Mitsubishi EX100U review

Will this projector prove good value for money?

TechRadar Verdict

Good contrast, but some light spill, fan noise and socketry not very home-cinema friendly


  • +


    Strong light output

    Good contrast ratio


  • -

    Some rainbow effect

    Not natively widescreen

    Moderate noise

    No digital inputs

Why you can trust TechRadar We spend hours testing every product or service we review, so you can be sure you’re buying the best. Find out more about how we test.

The brochure tells the story in a lurid red headline: 'perfect for business, schools and even home entertainment'. Yes, this is another model that takes advantages of the economies of scale to launch a projector at a bargain price intended to appeal to the beer budget home cinema market but is essentially a data projector.

This explains the native 1024 x 768 resolution from its DLP optical engine, which corresponds to the usual desktop settings of most computers. Of course the chip can display a 16:9 picture anamorphically, and mask off the area just above and below the main picture, but this leaves patches of darkish grey.

Like other recent budget data DLPs, it's a powerful beast, with an output of 2000 ANSI Lumens, and a contrast ratio of 2000:1. In its lower (eco) output mode, the lamp should be good for about 3000 hours.

Interconnections are very obviously office-centric.You get composite and S-video of course, but component video is only accepted by a pair of computerstyle D-Sub connectors.

Other connections include USB and eight-pin serial controls sockets, even audio in and outputs,which are about as much use for home cinema as a chocolate teapot.

The menu system is concise and straightforward, and allows adequate access to settings that will customise the projector for whatever you want to do. But there are no instantly accessible user modes such as you find on some budget projectors.


The cooling system is a little noisy with some whine from the colour wheel, and the casework leaks light in several directions.The optical system,too,lacks sophistication. If you're sensitive to the pseudo random colour flashes you can get under some conditions, the Mitsubishi does little to help. But what it lacks in sophistication, it makes up for in raw power.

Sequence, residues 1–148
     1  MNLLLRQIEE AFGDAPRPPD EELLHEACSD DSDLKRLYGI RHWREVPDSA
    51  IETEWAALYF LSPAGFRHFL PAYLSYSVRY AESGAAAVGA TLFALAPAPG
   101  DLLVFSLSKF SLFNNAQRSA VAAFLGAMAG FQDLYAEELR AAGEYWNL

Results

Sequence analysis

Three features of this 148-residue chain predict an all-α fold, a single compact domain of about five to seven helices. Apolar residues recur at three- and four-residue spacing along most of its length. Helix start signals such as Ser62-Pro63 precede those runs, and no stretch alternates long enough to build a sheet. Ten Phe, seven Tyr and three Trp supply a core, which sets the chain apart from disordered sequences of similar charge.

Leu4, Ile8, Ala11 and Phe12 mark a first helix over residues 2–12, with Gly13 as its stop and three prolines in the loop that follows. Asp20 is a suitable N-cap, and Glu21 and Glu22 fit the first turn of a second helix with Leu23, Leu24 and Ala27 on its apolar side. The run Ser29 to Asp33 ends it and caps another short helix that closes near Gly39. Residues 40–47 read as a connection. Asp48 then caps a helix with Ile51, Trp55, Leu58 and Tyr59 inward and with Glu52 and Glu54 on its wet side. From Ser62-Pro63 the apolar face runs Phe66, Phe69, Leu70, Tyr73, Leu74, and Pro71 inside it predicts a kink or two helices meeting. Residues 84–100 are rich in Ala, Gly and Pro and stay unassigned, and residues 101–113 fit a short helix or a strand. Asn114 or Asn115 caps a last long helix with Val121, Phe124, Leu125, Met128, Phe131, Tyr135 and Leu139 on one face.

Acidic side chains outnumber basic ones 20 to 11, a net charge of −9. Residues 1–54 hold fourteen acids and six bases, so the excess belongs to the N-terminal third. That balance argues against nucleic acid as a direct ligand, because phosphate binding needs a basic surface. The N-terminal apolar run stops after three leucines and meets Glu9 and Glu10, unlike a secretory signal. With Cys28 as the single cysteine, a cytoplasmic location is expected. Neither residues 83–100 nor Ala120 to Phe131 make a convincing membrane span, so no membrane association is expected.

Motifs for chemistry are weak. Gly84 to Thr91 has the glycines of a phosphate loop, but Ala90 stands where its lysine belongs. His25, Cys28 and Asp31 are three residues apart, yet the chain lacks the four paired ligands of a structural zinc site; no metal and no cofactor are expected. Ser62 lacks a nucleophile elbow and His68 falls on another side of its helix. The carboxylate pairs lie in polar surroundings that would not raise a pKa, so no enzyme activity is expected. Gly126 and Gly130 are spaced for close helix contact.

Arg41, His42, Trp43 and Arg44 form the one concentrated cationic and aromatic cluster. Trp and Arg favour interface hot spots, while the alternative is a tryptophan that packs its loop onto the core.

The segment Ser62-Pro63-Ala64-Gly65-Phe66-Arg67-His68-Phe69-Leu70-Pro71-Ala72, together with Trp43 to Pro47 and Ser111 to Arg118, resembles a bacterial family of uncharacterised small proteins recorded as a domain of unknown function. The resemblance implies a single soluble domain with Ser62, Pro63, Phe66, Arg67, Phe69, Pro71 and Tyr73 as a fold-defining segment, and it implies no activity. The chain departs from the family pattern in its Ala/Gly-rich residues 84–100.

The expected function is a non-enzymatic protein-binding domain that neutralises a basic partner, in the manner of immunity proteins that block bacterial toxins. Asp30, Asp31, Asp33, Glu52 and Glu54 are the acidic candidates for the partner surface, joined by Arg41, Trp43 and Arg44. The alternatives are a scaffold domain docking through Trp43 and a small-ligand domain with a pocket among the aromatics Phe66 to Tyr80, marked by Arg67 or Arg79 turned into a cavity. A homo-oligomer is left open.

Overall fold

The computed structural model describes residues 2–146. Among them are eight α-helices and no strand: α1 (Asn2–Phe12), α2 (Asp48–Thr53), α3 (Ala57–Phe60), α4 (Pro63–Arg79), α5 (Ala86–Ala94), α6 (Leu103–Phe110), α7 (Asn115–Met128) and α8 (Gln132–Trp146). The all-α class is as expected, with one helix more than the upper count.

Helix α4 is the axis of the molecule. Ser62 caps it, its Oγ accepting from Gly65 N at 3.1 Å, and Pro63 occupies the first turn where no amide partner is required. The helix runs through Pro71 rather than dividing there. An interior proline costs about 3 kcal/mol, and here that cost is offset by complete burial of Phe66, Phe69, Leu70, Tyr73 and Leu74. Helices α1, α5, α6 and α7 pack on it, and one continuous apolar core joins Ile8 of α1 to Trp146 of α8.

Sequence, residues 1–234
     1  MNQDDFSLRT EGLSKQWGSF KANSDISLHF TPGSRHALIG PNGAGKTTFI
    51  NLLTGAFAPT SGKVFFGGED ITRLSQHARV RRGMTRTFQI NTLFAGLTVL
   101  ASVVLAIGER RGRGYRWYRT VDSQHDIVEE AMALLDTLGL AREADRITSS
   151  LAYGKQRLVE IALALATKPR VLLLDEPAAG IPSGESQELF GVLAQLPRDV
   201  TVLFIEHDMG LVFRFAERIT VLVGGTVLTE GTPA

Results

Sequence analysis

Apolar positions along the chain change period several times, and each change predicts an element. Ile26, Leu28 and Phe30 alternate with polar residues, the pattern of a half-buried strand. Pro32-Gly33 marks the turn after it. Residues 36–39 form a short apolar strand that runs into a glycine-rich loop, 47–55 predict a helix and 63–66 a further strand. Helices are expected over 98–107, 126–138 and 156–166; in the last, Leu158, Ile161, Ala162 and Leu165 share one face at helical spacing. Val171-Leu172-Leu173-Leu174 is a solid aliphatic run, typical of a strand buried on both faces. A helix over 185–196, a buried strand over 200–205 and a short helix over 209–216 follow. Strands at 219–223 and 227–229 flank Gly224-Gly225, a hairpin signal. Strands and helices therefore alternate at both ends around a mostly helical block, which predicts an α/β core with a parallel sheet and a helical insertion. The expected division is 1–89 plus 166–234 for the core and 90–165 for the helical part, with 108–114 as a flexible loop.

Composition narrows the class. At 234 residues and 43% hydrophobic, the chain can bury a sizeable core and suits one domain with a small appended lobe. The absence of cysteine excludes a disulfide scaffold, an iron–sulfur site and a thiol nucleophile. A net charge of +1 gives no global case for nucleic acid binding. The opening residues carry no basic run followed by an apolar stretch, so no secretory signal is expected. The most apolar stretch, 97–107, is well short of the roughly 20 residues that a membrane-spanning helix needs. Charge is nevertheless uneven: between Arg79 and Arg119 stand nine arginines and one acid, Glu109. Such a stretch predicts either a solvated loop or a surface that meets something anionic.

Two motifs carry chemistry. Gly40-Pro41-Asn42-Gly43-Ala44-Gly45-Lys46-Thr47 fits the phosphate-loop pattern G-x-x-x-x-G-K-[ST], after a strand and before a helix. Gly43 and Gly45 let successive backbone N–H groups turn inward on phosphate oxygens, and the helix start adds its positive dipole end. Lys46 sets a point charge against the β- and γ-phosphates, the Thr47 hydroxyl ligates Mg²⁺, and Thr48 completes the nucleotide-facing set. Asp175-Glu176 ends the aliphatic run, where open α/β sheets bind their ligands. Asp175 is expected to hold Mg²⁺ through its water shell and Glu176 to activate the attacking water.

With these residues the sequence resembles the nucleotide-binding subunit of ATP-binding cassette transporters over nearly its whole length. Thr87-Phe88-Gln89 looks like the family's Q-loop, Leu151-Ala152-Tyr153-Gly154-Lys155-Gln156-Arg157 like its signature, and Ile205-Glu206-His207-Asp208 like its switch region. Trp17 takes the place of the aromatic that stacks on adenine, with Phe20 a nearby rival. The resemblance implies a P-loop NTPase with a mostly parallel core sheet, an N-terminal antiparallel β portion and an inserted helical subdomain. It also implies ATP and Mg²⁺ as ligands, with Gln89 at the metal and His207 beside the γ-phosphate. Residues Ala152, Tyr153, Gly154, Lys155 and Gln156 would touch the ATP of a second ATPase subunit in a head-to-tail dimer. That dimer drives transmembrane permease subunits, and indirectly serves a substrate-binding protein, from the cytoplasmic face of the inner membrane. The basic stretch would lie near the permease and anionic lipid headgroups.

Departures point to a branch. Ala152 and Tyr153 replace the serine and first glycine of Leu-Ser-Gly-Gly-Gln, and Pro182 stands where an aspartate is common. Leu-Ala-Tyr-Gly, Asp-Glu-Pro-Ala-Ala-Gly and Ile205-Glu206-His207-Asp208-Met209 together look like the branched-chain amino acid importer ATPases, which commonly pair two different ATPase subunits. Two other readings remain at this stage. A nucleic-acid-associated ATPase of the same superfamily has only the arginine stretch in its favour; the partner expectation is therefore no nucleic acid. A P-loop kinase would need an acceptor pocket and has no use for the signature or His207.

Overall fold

It's quite astonishing how bright and punchy a modern budget DLP can be. With the lamp on its brighter setting, there is enough power to provide a well-lit picture even in rooms with some ambient lighting. And although deep shadow detail tends to be blocked out, the back level is impressively deep, so you don't see area of washed out midgreys, the bane of earlier DLPs.

Colour reproduction is surprisingly good. The output is clean, rich and well saturated, although it's a little crude and exaggerated using the data settings, but it calms down nicely when tuned for home cinema purposes.

As often occurs with this class of projector, the handling of motion artefacts is rather crude, with moving areas of background, for example, becoming very noisy, with a blocky overall appearance as the electronics struggle to keep up.This level of projector simply doesn't come with the classy Faroudja (or other) video processing that is par for the course with true home cinema models, but as always, you get what you pay for.

In short, the EX100U is a good projector for its type, and excellent value, with the bright, contrasty picture helping you forgive some of its subtle limitations. Alvin Gold was the former name of Its staff were at the forefront of the digital publishing revolution, and spearheaded the move to bring consumer technology journalism to its natural home – online. Many of the current TechRadar staff started life a staff writer, covering everything from the emerging smartphone market to the evolving market of personal computers. Think of it as the building blocks of the TechRadar you love today.